Jeremy Hunt faces renewed pressure after he failed to declare thousands of pounds of donations from media and arts companies which sponsored a series of networking events before the 2010 general election. The culture secretary is to amend his entry in the House of Commons register of members' interests after what aides described as a "miscommunication" with his deputy, Ed Vaizey. Hunt, who is fighting for his political life after the resignation of his special adviser Adam Smith, attended three networking events before the election. They were sponsored by the advertising agency DDB UK, which paid £1,473.81 in September 2009; the Groucho Club, which provided £1,435 in November 2009; and M&C Saatchi which stumped up £4,563.50 in July 2009. The culture secretary will have to declare donations totalling £3,736.15 – half of the value of the three events. Vaizey will amend his entry to make a similar declaration for the three events. He has already declared a further four events, one of which was sponsored by BSkyB, which Hunt did not attend. Hunt's office blamed the oversight on a misunderstanding with Vaizey who organised the events and who declared in his entry that he and his boss had attended the events...and reports:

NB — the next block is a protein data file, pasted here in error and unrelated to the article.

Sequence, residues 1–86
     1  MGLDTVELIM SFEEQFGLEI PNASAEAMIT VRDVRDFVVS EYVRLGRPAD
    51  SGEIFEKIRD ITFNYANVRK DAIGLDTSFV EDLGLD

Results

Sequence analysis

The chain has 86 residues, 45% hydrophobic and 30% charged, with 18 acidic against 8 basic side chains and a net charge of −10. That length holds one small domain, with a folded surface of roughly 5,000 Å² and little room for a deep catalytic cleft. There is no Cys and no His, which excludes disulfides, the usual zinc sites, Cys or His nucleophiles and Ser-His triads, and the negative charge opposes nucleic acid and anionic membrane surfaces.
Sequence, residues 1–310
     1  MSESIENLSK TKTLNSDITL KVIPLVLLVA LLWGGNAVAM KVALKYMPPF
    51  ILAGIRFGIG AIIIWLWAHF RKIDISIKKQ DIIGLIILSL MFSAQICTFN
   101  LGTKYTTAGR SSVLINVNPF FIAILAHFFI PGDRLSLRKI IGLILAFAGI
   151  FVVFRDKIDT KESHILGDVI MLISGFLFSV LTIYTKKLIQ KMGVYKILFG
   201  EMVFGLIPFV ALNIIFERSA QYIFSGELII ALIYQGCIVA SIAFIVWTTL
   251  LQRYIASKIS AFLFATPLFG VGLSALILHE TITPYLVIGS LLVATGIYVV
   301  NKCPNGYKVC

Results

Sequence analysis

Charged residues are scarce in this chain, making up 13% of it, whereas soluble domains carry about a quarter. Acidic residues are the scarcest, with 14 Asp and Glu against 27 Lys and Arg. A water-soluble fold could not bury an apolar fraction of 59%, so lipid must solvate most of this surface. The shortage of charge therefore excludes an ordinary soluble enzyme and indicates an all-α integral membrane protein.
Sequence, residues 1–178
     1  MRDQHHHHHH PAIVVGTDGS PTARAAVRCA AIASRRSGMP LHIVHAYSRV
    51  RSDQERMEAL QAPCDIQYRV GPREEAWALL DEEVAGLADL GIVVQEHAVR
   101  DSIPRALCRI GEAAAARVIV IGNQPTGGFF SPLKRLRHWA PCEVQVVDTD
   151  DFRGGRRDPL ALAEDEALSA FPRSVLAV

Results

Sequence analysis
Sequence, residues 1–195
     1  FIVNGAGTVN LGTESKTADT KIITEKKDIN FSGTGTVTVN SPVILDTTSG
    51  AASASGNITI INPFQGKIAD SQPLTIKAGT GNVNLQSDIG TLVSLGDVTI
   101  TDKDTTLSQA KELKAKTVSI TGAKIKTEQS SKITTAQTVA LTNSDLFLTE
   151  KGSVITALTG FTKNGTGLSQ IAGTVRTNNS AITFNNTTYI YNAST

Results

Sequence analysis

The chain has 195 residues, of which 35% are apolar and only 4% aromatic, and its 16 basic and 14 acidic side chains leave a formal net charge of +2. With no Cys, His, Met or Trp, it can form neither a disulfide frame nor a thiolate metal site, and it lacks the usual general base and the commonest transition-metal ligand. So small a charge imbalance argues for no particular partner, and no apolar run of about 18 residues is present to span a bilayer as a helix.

Fresh details of how News International (NI) apparently sought goodwill by dangling two offers of sponsorship in front of the London mayor, Boris Johnson, are contained in evidence published by the Leveson inquiry. Rupert Murdoch has admitted in Leveson testimony that executives at the company were at the time - throughout 2010 - attempting to cover up the truth about phone hacking at the News of the World. In September 2010, Johnson publicly attacked the hacking disclosures, calling them party political "codswallop". Documents subsequently revealed that NI was at the time offering him £2m towards an academy school in London and talking of donating millions more to sponsor another Johnson project, a cable car crossing the river Thames... Johnson's lobbying appeared to reach its height on 30 November, in east London, when he met James Murdoch, accompanied by Brooks and the editor of the Times, James Harding, as well as Gove himself. According to his hospitality register, after an inspection of a potential academy site alongside the Royal Docks, the party adjourned to the new Forman's smoked salmon restaurant at the Olympic Park and a Transport for London official made a presentation about the cable-car scheme. Johnson's hopes for money from the Murdochs came to nothing. The academy was never built, with NI blaming its pullout on the failure of Gove's department to provide the bulk of the capital required for a new school building. Emirates airline did eventually offer to sponsor part of the cost of the cable car. In the runup to the mayoral elections, Johnson lost his temper when challenged by BBC London's political editor, Tim Donovan. He said on-air that such questions about his dealings with NI were "fucking bollocks". He subsequently defended his actions, saying: "In difficult economic circumstances my job is to get investment for London."